The government denies the use of barrel bombs, but they’ve been documented in Fallujah since January and are being used in other towns. Doctors in Fallujah estimate the town gets hit by barrel bombs three times a week and more than 600 civilians have been killed in strikes since January.
“A number of these barrel bombs have dropped in these civilian areas and not actually exploded,” Hassan says. “So here you have a civilian population who is trapped between insurgents on the one hand and indiscriminate bombings on the other also living with unexploded ordinances.”
And so people are fleeing in huge numbers to safer areas like Shaqlawa, northeast of Erbil. It’s a resort town where many families from Anbar fled to escape the airstrikes.
Escaping To Safety
The Nouri family fled Fallujah. Ahmed Nouri lays in a bed recovering from a strike that wounded him. He says it was a barrel bomb a month ago. It overturned his car. A scar runs down the length of his arm, another across his stomach.
“This is genocide by Maliki against the Sunni people of Fallujah,” he says.
His sister, Suad, and brother, Mohamed, sit nearby. They survived a rocket and then a barrel bombing last week and fled.
Mohamed Nouri pulls out a small pink piece of paper where he lists every strike he witnessed — July 11, July 12, the list goes on. First, the Americans came and killed us, he says, and now the leader of our own country is doing it.
hide captionDutch and Australian investigators along with members of the OSCE mission in Ukraine examine pieces of the crashed Malaysia Airlines Flight 17 in the village of Petropavlivka, Donetsk region, in eastern Ukraine on Friday.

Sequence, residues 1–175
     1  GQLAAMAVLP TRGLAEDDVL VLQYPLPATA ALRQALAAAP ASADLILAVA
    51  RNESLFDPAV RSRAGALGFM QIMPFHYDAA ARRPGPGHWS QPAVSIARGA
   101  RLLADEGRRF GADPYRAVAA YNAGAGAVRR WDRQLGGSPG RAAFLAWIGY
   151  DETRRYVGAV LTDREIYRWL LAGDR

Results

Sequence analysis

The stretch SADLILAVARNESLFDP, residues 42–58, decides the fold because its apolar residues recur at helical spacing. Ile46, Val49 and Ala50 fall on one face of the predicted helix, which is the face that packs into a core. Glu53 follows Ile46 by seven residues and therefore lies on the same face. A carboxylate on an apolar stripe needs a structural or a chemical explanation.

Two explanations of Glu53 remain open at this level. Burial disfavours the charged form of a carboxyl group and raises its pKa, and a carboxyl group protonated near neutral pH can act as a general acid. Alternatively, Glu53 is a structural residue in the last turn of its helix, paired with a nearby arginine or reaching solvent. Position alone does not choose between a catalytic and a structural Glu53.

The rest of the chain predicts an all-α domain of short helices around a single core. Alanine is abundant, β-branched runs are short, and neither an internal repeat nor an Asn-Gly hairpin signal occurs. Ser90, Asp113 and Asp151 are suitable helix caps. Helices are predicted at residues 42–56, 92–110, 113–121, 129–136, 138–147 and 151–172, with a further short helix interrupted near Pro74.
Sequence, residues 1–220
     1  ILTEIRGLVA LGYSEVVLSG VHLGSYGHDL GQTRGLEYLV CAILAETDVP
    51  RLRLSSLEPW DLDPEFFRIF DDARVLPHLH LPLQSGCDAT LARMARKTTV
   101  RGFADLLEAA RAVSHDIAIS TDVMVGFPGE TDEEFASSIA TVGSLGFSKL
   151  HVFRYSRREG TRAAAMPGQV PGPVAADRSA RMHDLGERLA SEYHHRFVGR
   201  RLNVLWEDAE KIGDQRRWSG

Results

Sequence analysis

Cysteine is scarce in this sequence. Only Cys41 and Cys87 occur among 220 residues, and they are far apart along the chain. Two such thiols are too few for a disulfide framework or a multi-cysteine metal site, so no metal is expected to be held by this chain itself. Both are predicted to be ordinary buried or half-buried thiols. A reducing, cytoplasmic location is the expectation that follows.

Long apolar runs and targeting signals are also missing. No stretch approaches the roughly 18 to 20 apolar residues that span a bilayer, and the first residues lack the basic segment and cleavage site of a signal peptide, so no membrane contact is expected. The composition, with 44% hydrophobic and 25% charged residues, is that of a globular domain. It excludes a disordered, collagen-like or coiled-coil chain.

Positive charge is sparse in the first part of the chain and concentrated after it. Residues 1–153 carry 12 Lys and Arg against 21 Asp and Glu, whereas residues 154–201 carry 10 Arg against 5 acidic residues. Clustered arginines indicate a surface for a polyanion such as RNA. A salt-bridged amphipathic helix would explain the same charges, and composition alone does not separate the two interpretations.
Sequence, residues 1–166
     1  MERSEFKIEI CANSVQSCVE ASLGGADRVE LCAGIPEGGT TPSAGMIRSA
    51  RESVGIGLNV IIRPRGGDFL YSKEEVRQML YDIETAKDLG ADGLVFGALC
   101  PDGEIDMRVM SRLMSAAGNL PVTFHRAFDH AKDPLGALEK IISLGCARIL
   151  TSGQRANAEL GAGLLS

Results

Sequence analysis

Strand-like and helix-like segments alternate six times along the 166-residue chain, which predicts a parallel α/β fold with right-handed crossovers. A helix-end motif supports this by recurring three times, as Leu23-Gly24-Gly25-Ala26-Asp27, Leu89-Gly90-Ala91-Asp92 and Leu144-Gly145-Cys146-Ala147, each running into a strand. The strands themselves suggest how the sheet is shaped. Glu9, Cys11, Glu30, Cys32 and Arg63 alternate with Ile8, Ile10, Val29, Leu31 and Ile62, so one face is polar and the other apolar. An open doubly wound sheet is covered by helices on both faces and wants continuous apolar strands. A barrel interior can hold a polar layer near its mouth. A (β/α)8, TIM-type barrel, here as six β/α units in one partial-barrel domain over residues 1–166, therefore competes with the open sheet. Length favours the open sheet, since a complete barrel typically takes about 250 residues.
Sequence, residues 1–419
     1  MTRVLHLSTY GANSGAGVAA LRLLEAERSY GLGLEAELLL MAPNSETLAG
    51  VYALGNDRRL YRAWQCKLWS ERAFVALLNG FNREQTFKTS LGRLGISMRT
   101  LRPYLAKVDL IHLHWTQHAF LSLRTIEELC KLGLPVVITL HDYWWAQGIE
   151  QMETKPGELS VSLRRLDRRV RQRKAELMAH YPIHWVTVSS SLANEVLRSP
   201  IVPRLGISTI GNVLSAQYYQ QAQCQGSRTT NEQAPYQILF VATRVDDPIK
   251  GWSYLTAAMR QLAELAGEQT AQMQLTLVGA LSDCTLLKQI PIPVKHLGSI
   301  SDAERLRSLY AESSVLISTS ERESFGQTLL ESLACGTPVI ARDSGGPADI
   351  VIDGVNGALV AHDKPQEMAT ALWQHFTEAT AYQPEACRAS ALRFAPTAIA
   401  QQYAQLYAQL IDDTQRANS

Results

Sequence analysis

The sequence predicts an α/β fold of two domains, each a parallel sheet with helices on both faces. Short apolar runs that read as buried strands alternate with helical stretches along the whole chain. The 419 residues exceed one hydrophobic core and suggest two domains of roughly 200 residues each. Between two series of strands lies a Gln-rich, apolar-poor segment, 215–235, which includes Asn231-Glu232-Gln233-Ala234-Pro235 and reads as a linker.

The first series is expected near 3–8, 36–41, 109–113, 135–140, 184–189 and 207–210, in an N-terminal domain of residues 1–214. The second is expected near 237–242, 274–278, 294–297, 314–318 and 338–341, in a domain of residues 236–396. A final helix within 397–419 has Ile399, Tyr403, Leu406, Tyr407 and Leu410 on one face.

Ukrainian forces were reportedly advancing on rebel positions near the key eastern town of Donetsk on Saturday, as they try to retake the separatist stronghold.
Donetsk is the region where Malaysia Airlines MH17 was shot down on July 17, killing nearly 300 people. Pro-Russian rebels have been blamed for downing the plane and they have hampered international efforts to access the site of the wreckage.
The Washington Post says: “Government troops are currently battling rebels in the nearby town of Horlivka and have blocked all roads leading out of Donetsk to prevent the insurgents from replenishing supplies and fighters or escaping, said Andriy Lysenko of the Ukrainian Security and Defense Council. Once Horlivka is under Ukrainian control again, he said, the army will move to retake Donetsk, a city where pro-Russian separatists have held sway for months while declaring it the Donetsk People’s Republic. The Ukrainian military has ousted rebels from 10 surrounding villages and towns in the past week.”
According to the AP, the move comes “as Ukrainian forces appear to have gained some momentum recently by retaking control of territory from the rebels. But Russia also appears to becoming more involved in the fighting, with the U.S. and Ukraine accusing Moscow of moving heavily artillery across the border to the rebels.”
As we reported earlier this week, the U.S. has said it has “new evidence” that Russian forces were lobbing artillery across the border and that Moscow was planning to ship powerful multiple rocket launcher systems to the pro-Russian separatists fighting in eastern Ukraine.
NPR’s Corey Flintoff, reporting from Donetsk, says Ukrainian officials have been accusing Russian troops for days of firing across the border
“The allegations come as separatists appear to be losing ground in the face of a Ukrainian offensive,” Corey says.
hide captionAn Israeli army officer on Friday shows journalists a Palestinian tunnel that runs from the Gaza Strip into Israel. Israel says its current military campaign is aimed at destroying the tunnels.